Hopenhaggling for a Miracle
For the better part of a decade, U.S. greens, liberals, and EU policymakers insisted that international efforts to reduce carbon emissions had floundered due to Bush administration intransigence. Once the United States put a serious plan to reduce its emissions on the table, the argument went, the rest of the world would get serious about reducing emissions.
But even with a domestic cap approved in the House, Senate leadership promising to follow suit, and the president promising to sign it, U.S. negotiators were unable to secure emissions reduction commitments from China, India, or other developing countries. The further the Obama administration stepped out on the limb, promising emissions reduction action that had not yet passed the U.S. Congress, the farther into the distance agreement receded.
After the realization that the Copenhagen summit would result in nothing -- no new treaty, no emissions reductions, no new technology -- the hunger for symbolism grew stronger. Greens formed the magic number 350 with their bodies, tweeted deliriously, and threw their lot in with tiny island countries like Tuvalu and the Maldives, which championed green demands for deeper emissions cuts. The United Nations hired an advertising agency to hokily brand the summit "Hopenhagen" and create a creepy movie about global warming earthquakes and tsunamis menacing a little girl's dreams.
Under pressure from green groups, Obama agreed to parachute into the talks at the end instead of the beginning to bolster the perception that progress was being made. But the talks that Obama parachuted into were going far worse than anyone had expected. Attendees had not even been able to agree upon a series of symbolic agreements. China sent increasingly lower-level diplomats to meet with Obama and even tried to block developed countries from making binding emissions-reduction commitments.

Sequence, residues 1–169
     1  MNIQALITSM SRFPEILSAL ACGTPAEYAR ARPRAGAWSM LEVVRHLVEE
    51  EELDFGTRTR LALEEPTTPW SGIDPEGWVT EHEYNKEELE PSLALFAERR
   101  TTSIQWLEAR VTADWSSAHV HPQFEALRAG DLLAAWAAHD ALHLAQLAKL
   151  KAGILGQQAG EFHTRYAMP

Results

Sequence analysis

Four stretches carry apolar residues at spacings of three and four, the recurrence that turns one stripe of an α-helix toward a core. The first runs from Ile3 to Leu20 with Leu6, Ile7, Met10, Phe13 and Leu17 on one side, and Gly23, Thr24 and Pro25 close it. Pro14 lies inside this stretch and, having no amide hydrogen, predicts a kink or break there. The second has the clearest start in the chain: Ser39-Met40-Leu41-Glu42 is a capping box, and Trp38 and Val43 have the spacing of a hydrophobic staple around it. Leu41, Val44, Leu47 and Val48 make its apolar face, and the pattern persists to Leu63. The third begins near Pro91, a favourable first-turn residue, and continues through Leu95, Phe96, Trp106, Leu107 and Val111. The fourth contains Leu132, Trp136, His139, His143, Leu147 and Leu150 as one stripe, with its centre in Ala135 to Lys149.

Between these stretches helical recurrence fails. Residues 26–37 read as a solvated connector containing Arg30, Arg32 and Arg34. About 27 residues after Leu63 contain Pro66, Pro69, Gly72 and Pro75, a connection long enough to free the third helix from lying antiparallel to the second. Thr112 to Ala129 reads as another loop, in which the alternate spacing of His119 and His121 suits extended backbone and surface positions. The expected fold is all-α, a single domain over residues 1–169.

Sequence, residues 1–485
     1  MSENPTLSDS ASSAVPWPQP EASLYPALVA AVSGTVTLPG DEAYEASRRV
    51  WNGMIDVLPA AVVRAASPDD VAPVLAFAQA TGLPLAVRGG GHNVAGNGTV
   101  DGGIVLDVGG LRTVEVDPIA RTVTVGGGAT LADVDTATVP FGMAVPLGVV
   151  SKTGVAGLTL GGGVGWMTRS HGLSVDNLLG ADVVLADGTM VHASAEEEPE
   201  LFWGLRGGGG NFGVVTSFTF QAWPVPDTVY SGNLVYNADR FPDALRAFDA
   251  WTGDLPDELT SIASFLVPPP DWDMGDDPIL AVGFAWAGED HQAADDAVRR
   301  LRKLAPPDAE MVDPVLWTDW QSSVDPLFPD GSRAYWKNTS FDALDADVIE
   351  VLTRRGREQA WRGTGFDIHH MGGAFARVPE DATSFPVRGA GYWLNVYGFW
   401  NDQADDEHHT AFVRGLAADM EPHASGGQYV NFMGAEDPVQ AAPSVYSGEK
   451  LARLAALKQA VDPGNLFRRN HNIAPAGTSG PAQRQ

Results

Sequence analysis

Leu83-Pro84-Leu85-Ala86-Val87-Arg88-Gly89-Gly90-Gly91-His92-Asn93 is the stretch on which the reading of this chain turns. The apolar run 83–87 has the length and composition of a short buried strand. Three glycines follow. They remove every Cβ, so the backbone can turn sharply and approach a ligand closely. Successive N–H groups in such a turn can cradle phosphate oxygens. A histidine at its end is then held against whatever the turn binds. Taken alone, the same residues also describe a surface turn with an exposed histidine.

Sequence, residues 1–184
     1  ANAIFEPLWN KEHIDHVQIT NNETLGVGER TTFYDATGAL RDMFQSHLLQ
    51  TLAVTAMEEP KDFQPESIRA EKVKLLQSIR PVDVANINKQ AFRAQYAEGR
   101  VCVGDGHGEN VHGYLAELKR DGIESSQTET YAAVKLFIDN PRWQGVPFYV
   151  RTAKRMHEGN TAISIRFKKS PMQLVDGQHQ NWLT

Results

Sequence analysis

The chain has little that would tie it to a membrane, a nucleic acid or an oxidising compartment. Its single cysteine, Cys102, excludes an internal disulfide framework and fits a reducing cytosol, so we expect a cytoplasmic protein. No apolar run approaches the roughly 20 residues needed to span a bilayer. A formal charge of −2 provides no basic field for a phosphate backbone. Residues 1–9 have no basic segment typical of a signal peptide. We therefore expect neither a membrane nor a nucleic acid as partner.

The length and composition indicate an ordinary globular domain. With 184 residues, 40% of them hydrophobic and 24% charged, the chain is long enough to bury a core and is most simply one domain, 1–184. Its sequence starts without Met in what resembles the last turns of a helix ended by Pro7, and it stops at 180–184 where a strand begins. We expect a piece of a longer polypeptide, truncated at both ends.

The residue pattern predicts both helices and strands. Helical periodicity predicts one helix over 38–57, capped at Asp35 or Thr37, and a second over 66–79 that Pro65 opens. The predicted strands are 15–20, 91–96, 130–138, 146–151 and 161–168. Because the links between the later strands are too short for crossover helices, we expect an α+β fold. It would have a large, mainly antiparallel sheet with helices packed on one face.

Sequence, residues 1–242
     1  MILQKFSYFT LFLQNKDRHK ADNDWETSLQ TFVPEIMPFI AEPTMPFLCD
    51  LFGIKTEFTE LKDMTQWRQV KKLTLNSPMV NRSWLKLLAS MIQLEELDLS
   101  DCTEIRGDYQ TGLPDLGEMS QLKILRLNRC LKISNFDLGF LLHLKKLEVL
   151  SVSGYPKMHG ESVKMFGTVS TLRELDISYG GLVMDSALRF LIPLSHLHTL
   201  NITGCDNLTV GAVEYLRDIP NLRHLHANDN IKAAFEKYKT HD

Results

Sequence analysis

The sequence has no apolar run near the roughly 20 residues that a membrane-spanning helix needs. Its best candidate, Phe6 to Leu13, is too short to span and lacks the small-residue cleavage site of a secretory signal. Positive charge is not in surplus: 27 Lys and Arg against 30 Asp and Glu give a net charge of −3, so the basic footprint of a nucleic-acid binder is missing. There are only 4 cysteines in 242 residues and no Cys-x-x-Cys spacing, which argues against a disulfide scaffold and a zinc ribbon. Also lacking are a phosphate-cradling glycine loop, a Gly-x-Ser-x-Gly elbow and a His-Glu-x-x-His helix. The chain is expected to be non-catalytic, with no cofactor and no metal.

A long night of shuttle diplomacy and tortured wordsmithing saved greens and U.N. officials from having to openly admit that climate negotiations had completely collapsed. Major emitters -- China, India, Brazil, South Africa, and the United States -- issued a joint communiqué pronouncing that they had agreed to keep negotiating among themselves. The United States made a nonbinding commitment to reduce its emissions under the auspices of the Waxman-Markey bill, should it, or something like it, ever pass. China agreed to keep its emissions to business-as-usual levels of growth through 2030.
When all was said and done, greens split over the denouement in predictable fashion. Grassroots greens cast Obama as Bush-lite and accused him of blowing up the talks and discrediting the United Nations as a venue for climate-change negotiations. National green leaders, who had spent the previous year insisting that progress toward capping U.S. carbon emissions would ensure the successful conclusion of a global emissions-reduction agreement in Copenhagen, pretended like they'd never suggested that the United Nation's climate change conference could ever achieve such an outcome and praised Obama for ditching the United Nations and striking out to reach an agreement -- any agreement -- among major emitters.
But the intramural debate among greens about the utility of the United Nations as a venue for reaching emissions reduction agreements obscured the Copenhagen summit's larger outcomes. The entire Kyoto framework for reducing carbon emissions died with the U.N. climate negotiations at Copenhagen. While mainstream greens praised Obama for ditching the United Nations and getting China and other developing countries to discuss making their own climate commitments, they continue to imagine that the final disposition of that process will be binding emissions-reduction agreements among major emitting countries.
But such an outcome is unlikely. China and other developing countries are unlikely to agree to binding emissions reductions, and the "national schedules" that some have proposed to take their place are unlikely to appease domestic constituencies in the United States and elsewhere concerned that domestic emissions-reduction commitments will further exacerbate the economic advantages that China and other developing economies have on their competitors in the developed world.